We often think of sexual harassment in California in adult terms, but younger workers also suffer from this workplace scourge. In fact, a shocking study shows that one-third of American teenagers have been subject to sexual harassment on the job, a far higher statistic than many of us may have imagined. The fact is that no one is immune to this type of workplace experience, no matter his or her age. That is why younger workers need to remain particularly vigilant about the signs of sexual harassment — and why they deserve added protections.
Younger workers often do not realize that they are being sexually harassed. Teens may tease each other at school, but those same actions in the workplace constitute a serious offense that could lead to a sexual harassment claim. Other workers who use sexual innuendo are often promoting a hostile work environment that can be difficult for teens to navigate. In a world in which only 5 percent of adult victims report sexual harassment, younger workers are even less likely to say something.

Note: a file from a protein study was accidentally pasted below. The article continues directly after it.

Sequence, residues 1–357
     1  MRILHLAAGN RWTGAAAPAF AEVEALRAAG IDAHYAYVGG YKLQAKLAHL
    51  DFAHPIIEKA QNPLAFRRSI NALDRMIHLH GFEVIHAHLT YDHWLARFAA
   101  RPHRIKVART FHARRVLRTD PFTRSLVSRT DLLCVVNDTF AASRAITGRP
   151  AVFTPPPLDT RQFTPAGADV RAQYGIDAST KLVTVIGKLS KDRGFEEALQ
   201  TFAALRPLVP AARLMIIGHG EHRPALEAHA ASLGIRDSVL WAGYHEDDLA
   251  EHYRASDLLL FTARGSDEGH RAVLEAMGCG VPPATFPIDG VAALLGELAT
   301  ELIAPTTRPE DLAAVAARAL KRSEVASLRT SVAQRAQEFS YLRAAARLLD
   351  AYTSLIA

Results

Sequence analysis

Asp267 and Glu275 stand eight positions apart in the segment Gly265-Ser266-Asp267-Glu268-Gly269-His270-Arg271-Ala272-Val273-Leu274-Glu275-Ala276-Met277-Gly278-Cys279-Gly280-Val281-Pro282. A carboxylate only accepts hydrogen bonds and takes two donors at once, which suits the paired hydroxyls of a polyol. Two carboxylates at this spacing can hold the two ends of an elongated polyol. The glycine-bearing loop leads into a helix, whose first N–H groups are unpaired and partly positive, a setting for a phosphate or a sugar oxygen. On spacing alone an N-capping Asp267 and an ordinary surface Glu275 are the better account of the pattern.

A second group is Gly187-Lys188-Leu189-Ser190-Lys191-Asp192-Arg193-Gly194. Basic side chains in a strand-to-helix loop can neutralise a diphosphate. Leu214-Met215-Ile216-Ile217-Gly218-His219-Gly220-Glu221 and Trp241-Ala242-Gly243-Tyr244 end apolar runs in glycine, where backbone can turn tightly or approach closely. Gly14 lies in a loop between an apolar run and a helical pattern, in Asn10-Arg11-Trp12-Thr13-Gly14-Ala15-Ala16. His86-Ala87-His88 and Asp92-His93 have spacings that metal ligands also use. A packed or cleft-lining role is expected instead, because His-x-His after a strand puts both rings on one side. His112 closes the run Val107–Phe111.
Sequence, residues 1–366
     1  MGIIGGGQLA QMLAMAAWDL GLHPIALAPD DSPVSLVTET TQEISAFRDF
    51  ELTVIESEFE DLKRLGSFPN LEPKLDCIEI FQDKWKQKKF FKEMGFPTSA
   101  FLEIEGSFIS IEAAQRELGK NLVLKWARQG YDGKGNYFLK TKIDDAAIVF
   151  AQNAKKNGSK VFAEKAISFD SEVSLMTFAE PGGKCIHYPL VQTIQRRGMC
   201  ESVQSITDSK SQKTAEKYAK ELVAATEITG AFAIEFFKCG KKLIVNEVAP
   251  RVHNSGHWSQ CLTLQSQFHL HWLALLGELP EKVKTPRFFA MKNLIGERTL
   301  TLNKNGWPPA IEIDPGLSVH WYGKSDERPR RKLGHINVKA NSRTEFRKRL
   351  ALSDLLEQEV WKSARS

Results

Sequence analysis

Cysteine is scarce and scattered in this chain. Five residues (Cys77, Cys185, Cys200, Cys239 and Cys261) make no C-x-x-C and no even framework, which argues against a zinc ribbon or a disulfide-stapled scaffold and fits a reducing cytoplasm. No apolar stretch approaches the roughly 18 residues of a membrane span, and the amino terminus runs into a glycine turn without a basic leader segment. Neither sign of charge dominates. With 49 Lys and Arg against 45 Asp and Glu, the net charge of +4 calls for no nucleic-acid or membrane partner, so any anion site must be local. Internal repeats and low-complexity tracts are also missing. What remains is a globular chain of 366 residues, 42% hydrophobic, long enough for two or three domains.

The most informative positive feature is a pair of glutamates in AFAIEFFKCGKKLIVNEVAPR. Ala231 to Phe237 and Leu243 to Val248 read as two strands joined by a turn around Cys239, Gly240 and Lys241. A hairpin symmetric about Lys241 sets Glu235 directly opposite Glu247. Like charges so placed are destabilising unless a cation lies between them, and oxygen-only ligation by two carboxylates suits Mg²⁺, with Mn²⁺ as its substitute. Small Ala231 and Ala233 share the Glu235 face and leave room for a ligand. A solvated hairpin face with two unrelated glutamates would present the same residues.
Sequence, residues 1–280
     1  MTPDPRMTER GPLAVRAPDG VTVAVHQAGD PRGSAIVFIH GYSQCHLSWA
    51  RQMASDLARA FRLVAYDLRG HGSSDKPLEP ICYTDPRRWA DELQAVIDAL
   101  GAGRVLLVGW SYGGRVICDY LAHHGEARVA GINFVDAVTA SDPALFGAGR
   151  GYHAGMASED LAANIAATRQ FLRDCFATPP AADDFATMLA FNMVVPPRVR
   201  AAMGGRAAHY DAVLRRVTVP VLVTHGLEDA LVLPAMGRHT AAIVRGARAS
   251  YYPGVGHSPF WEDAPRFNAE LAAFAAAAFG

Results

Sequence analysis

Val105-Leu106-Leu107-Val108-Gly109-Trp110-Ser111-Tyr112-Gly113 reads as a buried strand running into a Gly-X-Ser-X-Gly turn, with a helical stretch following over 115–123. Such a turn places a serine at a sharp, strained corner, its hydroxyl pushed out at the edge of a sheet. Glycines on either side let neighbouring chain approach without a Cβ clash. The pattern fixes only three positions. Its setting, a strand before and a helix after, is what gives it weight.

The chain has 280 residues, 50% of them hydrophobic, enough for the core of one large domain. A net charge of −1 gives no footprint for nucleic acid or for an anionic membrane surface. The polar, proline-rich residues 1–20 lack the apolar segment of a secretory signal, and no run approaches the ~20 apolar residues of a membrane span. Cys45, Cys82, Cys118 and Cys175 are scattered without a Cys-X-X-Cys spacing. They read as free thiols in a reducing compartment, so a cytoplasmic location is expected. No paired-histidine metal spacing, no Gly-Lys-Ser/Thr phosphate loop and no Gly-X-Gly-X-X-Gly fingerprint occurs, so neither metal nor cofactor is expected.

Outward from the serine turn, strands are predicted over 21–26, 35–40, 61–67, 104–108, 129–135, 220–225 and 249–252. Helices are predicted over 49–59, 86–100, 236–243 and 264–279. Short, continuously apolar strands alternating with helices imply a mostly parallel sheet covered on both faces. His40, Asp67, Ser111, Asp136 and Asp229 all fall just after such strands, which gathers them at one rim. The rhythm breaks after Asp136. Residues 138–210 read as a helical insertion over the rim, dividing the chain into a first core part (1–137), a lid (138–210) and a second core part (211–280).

Sexual harassment at a younger age can have far more severe consequences than unwanted sexual advances during the adult years. Youngsters often suffer from poor school performance because of the emotional impact of the harassment. Further, they feel tainted toward the working world in general, and they may hesitate to seek future employment because they fear that the harassment may be repeated.
Young adults are often dependent on their jobs to pay rent, even when they are as young as 17 or 18 years old. In many instances, they think they must keep their job even though they are victims of sexual harassment, largely because they don’t see any other options. All victims of sexual harassment have a right to a safe workplace, however; those supervisors and companies that do not promote safe work practices need to be held accountable in civil court. No one, especially young people, should have to suffer through the emotional trauma associated with offensive sexual comments and other harassing actions.
Source: ThinkProgress, “At Least One In Three Teens Are Sexually Harassed At Work,” Bryce Covert, accessed Aug. 26, 2015